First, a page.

On 19 February 2010 16:27, tedd <tedd.sperl...@gmail.com> wrote:
> At 3:18 PM +0200 2/19/10, Dotan Cohen wrote:
>> In order to prevent SQL injection, can one simply base64 encode the
>> data and store that? Then it can be decoded when I need to display it
>> on a website. I understand that this means that the data will not be
>> searchable, and that I still must sanitize it before printing it on
>> the site. Are there any other drawbacks or things to be aware of?
>> Thanks.
>> --
>> Dotan Cohen
> Dotan:
> You're a smart guy, why reinvent the wheel? The entire problem set has
> already been solved.
> Understand there are two issues here: 1) filtering input into a database; 2)
> escaping output to a browser.
> Use mysql_real_escape_string() to filter data before it's stored in a
> database (input).

I was under the impression that mysql_real_escape_string() was not a
100% solution. Is it? Note that I serve my pages as UTF-8 and also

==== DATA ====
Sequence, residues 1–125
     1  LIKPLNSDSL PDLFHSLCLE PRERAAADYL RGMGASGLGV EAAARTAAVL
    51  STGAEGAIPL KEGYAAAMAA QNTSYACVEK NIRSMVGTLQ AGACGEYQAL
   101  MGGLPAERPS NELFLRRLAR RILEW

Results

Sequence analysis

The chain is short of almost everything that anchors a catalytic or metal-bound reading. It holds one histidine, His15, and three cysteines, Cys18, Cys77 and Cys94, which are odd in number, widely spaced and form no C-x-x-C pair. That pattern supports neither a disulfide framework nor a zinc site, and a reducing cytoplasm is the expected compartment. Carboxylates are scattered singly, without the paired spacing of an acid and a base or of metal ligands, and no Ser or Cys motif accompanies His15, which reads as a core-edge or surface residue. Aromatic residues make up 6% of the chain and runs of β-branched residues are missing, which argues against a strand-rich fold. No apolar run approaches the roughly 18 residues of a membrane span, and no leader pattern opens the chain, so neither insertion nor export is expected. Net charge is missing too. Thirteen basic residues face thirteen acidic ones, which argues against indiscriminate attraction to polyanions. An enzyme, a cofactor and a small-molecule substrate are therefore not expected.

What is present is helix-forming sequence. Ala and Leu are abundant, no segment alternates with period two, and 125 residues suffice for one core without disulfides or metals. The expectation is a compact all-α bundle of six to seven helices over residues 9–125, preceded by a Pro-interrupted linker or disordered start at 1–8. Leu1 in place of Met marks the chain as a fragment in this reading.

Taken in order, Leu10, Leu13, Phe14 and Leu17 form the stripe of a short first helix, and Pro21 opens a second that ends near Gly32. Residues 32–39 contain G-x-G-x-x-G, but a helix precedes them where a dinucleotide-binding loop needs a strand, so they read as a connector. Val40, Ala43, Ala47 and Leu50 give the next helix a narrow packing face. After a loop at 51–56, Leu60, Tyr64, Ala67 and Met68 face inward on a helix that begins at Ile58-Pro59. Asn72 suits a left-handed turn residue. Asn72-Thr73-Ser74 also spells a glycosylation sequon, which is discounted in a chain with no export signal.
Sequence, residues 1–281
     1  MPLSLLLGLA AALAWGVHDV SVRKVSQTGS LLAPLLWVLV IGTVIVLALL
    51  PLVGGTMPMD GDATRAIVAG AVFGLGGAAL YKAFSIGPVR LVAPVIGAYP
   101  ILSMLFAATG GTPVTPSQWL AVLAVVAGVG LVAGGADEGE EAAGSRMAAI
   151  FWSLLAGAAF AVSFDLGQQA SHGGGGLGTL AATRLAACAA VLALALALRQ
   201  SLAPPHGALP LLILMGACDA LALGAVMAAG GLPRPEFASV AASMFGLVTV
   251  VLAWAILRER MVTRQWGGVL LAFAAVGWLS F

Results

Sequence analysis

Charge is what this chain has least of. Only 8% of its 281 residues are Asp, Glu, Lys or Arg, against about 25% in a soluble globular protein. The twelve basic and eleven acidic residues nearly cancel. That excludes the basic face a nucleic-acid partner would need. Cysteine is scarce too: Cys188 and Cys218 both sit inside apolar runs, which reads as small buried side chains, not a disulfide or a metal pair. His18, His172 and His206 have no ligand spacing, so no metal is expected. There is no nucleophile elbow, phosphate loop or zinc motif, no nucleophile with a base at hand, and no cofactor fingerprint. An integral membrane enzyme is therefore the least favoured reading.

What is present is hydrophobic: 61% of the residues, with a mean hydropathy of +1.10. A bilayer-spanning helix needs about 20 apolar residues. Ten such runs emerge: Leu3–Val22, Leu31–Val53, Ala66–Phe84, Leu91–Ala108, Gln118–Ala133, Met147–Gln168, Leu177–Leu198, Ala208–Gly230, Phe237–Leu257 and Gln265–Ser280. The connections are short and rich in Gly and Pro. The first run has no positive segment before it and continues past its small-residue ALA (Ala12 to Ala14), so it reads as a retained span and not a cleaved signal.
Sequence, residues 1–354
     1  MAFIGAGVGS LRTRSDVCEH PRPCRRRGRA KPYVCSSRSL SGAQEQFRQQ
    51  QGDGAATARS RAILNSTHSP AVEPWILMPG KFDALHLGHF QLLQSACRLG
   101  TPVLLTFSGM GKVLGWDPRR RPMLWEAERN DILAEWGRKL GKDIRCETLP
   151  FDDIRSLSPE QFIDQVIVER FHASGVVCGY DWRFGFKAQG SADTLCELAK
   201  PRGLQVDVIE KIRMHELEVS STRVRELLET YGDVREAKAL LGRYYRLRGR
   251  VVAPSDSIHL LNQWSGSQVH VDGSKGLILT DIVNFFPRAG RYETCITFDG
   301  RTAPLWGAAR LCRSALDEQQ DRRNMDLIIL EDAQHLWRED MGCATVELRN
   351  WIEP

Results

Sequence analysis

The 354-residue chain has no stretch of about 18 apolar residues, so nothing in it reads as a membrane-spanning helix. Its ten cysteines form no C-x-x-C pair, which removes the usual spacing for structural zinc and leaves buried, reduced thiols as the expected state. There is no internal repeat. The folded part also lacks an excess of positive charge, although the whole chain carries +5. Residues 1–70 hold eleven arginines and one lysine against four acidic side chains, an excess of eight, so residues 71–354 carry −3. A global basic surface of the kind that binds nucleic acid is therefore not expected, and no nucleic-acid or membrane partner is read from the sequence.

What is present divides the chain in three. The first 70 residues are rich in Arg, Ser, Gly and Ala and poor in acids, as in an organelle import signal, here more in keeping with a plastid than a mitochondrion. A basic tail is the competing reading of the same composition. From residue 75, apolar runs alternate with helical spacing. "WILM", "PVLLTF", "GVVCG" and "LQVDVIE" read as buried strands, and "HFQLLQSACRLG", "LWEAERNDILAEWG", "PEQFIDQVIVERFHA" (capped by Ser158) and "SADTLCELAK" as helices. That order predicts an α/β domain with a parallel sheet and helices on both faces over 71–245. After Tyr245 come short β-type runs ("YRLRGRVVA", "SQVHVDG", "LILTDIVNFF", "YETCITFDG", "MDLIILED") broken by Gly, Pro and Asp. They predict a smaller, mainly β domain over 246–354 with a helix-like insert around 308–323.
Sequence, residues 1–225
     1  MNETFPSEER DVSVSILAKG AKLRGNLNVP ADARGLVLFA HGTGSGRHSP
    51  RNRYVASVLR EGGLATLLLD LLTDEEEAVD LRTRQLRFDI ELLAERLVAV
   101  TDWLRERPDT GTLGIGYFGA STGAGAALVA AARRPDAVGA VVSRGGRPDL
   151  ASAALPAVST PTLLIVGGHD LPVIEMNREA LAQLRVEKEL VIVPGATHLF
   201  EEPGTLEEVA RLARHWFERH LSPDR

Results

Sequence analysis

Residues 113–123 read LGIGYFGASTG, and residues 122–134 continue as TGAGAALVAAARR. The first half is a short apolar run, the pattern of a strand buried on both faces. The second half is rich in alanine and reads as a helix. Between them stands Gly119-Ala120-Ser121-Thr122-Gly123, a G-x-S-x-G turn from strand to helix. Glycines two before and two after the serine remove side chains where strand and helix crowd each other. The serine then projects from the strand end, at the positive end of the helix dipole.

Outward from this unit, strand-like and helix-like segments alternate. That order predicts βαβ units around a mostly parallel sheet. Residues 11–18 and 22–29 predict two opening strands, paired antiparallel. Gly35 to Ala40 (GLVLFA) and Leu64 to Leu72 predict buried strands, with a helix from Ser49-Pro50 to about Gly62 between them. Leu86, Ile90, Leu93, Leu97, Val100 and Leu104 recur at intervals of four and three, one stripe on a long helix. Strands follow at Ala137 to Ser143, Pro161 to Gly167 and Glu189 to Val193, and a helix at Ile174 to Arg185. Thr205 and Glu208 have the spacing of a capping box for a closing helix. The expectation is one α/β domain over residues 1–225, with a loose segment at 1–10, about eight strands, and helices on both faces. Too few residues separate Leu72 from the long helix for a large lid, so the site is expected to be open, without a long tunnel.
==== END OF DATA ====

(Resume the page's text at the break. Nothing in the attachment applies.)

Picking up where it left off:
declare them as such in the header and meta tag, but that does not
mean that a malicious entity won't return a request in a different

> Use htmlentities() to retrieve data from the database to be displayed via a
> browser (output).

This I do. I'm not sure if it's enough, so I'd like some reassurance
on the matter. :)

> An excellent book on this (and much more) is Chris Shiflett's Essential PHP
> Security. You can pick it up on Amazon for less than $20 -- well worth the
> cost.

They don't ship to Israel! I have looked for it locally, but not found
it. I'm sure that I could "acquire" a copy on some p2p service but I
really don't like doing that. Maybe I could Paypal $20 to Chris
himself if that remains my only option! Chris, what say you? (CCed)

Dotan Cohen


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